With really high ammonia levels, the beneficial may or may not die off. I do know that with really high levels of ammonia the beneficial bacteria may not be able to overcome the high levels. That is why it is best to keep the ammonia levels relatively low during cycling. No higher than 4ppm.

Ken
 

Jaysee

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aquarist48 said:
JaySee...I don't think anyone knows how long beneficial bacteria will live without a food source. I have never seen a pin point response to your question.
I figured someone who's developed 2 bacterias in a bottle would have a definitive answer on the matter.
 

toosie

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Thanks Ken, that pretty much confirms what I said in my first post, except for the ammonium part. I'm pretty sure in a lot of the research I have done it states that below pH 7 a lot of the ammonia is converted to ammonium but not all of it, and the more acidic it gets, the more ammonia is converted, but I don't know at what point all of the ammonia is converted. I guess I still have a little research to do.
 

DrTim

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Hey All - I will dig out a table from my Master thesis which was on Ammonia Excretion and Ammonia Toxicity in Striped Bass and post it when I get a chance. It shows the percent un-ionized ammonia (NH3) at different pH values and temperature. For now, at a pH of 11.5 99+% of the total ammonia (the ammonium plus the ammonia) is in the form of ammonia. At a pH of 7 no matter the water temperature 99%+ of the total ammonia is in the form of ammonium (NH4+). The half way point 50% ammonium 50% ammonia is roughly a pH of 9.5. At a more normal pH of say 8.0 only 3 to 7% (depends on the temperature) of the total ammonia is in the ammonia (NH3) form.

I've always wondered this - how long can the bacteria survive for without a food source?
The answer is - they last basically forever. Bacteria are not human. They do not die from starvation (I am being somewhat general here) but bacteria have ways to survive when the conditions get bad which is why they have been around for so many millions and millions (billions) of years. The only way to kill a bacterium is to break its cell wall or poison it. Now this does not mean they have a lot activity but they aren't dead in the sense that the cell cannot turn back on and start doing what it does (oxidizing ammonia or nitrite).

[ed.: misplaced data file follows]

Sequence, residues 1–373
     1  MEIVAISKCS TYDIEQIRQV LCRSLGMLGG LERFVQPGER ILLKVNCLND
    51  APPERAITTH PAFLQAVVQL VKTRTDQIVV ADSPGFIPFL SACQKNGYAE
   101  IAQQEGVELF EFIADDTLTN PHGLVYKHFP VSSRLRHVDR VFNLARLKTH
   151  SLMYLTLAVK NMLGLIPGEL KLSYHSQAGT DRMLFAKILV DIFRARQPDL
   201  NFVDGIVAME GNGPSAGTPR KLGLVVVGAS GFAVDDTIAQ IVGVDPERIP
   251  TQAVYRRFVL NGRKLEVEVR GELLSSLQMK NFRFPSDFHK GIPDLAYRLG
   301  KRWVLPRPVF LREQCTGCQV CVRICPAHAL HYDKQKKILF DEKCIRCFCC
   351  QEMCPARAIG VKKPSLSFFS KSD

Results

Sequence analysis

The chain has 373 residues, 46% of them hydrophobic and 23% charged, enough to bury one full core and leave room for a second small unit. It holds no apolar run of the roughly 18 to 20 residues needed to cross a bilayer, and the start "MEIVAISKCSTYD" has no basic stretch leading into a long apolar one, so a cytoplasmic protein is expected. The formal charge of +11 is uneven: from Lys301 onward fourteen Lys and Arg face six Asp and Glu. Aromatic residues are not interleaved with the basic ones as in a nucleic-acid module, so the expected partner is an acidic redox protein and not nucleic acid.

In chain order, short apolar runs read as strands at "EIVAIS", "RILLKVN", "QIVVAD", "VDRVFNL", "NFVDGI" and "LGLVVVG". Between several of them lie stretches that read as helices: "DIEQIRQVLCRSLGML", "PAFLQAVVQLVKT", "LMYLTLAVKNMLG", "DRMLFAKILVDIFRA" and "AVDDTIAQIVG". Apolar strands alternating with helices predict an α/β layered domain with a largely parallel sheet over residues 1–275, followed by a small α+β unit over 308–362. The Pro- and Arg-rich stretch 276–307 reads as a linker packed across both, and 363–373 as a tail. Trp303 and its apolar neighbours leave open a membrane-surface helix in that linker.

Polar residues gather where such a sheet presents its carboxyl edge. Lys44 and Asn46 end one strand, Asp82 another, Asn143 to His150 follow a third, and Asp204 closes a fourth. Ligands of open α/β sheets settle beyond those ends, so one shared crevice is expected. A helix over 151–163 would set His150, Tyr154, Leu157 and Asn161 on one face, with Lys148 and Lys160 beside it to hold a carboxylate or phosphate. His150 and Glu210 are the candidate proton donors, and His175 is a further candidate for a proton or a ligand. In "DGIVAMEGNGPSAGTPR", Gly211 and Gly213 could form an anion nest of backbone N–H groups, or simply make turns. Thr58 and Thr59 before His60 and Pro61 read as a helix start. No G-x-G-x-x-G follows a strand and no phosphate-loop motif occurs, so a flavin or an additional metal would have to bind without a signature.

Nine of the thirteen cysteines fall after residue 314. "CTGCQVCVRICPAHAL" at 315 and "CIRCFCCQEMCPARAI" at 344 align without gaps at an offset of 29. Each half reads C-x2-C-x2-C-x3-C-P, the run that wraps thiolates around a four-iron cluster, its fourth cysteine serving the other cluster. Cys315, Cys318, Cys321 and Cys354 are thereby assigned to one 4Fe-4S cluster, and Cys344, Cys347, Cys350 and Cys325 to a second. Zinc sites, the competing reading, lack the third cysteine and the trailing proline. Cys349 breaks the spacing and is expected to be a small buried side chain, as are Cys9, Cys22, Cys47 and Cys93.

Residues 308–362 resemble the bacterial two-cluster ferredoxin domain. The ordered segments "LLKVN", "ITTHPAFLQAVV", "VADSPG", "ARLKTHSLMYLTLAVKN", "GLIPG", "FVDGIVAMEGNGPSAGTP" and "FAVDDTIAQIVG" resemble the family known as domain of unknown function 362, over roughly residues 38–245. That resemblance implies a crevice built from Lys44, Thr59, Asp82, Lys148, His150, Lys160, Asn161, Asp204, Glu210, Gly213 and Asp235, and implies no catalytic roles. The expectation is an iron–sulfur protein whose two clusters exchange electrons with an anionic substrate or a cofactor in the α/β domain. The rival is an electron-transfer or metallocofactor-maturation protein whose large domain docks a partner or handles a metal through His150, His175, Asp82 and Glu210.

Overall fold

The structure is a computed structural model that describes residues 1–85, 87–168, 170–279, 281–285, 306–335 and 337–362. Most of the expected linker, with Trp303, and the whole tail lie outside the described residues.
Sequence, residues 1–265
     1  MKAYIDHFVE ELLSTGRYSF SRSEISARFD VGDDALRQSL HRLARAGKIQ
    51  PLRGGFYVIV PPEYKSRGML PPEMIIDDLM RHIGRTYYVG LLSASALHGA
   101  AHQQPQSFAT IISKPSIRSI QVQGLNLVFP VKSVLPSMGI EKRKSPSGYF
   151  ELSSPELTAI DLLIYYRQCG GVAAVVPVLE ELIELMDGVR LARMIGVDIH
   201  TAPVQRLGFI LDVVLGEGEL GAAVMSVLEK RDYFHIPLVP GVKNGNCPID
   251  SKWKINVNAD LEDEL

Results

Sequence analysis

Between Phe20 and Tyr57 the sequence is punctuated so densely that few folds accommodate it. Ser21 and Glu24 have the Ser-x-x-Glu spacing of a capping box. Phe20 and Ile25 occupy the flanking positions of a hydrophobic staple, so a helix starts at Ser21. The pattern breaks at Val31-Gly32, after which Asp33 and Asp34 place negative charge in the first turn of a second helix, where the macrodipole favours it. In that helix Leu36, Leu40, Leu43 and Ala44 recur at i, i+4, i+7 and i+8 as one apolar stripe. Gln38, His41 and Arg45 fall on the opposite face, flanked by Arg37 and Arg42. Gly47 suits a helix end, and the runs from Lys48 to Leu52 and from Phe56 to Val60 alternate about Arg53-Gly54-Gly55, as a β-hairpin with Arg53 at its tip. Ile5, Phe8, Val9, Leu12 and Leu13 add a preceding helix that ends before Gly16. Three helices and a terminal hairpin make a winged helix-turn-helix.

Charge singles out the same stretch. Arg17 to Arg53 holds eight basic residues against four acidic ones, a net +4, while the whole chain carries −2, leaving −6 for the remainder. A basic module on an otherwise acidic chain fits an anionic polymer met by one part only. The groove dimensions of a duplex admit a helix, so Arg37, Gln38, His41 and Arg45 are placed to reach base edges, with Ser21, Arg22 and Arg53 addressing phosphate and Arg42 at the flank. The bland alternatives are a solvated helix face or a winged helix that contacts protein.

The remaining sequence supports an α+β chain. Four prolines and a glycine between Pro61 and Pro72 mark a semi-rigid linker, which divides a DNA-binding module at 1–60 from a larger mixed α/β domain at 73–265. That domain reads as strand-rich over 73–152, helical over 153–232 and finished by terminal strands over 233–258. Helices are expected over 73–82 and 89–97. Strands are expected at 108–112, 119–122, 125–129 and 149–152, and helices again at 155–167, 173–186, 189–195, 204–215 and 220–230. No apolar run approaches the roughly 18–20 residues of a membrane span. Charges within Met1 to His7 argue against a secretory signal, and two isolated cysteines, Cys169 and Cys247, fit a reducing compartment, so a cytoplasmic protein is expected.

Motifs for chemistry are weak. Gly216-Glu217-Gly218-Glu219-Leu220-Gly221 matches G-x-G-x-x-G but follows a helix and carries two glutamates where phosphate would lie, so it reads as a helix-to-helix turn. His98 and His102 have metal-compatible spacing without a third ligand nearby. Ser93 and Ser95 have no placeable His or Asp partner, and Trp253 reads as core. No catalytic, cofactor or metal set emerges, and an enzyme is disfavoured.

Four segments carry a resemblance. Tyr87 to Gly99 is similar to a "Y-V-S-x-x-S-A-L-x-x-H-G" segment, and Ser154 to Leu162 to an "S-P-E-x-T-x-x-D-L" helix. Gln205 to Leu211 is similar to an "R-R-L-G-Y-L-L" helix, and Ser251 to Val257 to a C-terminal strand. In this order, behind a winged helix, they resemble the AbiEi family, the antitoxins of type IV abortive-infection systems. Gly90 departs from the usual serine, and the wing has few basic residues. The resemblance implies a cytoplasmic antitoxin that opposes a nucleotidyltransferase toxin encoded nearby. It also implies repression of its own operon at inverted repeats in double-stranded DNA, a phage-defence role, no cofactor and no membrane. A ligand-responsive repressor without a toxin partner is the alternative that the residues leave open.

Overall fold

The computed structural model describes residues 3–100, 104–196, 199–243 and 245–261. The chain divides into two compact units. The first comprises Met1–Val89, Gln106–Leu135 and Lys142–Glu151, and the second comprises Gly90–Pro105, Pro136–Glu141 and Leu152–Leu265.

I also read on this forum that there are land based nitrifiers that drown in water - this is simply not true. Nitrosomonas europaea (a common ammonia oxidizing bacteria - AOB) and even Nitrobacter winogradskyii (a common nitrite oxidizing bacteria NOB) are both found in soil (land) but when you want to grow them in the lab you grow them in water, plus they are found in aquatic environments. In fact, in the lab all strains and species of AOB and NOB are grown in water they are not grown on agar or media in a petri dish.

The major deciding factor of which AOB or NOB will develop in an environment is the amount of ammonia or nitrite, respectively, in the environment.

I hope this helps and I mean this in an educational sense - I do not mean to 'step' on anyone's toes only to try and clarify things.

Love to answer any questions
 

Jaysee

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DrTim said:
The answer is - they last basically forever. Bacteria are not human. They do not die from starvation (I am being somewhat general here) but bacteria have ways to survive when the conditions get bad which is why they have been around for so many millions and millions (billions) of years. The only way to kill a bacterium is to break its cell wall or poison it. Now this does not mean they have a lot activity but they aren't dead in the sense that the cell cannot turn back on and start doing what it does (oxidizing ammonia or nitrite).

I also read on this forum that there are land based nitrifiers that drown in water - this is simply not true. Nitrosomonas europaea (a common ammonia oxidizing bacteria - AOB) and even Nitrobacter winogradskyii (a common nitrite oxidizing bacteria NOB) are both found in soil (land) but when you want to grow them in the lab you grow them in water, plus they are found in aquatic environments. In fact, in the lab all strains and species of AOB and NOB are grown in water they are not grown on agar or media in a petri dish.

The major deciding factor of which AOB or NOB will develop in an environment is the amount of ammonia or nitrite, respectively, in the environment.

I hope this helps and I mean this in an educational sense - I do not mean to 'step' on anyone's toes only to try and clarify things.

Love to answer any questions
Thank you for the great answer. A lot of us can only speculate based on our observations, so it's great to have someone with the clinical information to both confirm and deny what we think we know.
 

Jacker

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Very good information here, DrTim, aswell as others provide some very good information, im sure everyone asks the question about how long does the BB survive not knowing the full information, info like this should be shared with the rest of the Fish lore users.
 

Aquarist

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Good morning,

Let's get back on topic please!

"Will the Beneficial Bacteria die off at high ammonia levels?" <---Is the topic of this thread.

From information provided by Dr. Tim (Thank you Dr.Tim!), I think it's safe to say the answer is NO. The beneficial bacteria may not die off but the beneficial bacteria may not be able to over come the high levels, therefor the high levels need to be reduced via water changes so that the beneficial bacteria can do what it needs to do which is cycle the tank.

If you would like to discuss other forms of bacteria, what they do, and how they work, please create your own threads so that this one isn't hijacked any longer.

Thanks!
Ken
 

toosie

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You're right of course Ken.

My apologies NMfishman.
 

Aquarist

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Good afternoon,

The discussion on Bacterial Additives has been moved to a new thread of its own in the link below:


Thanks!
Ken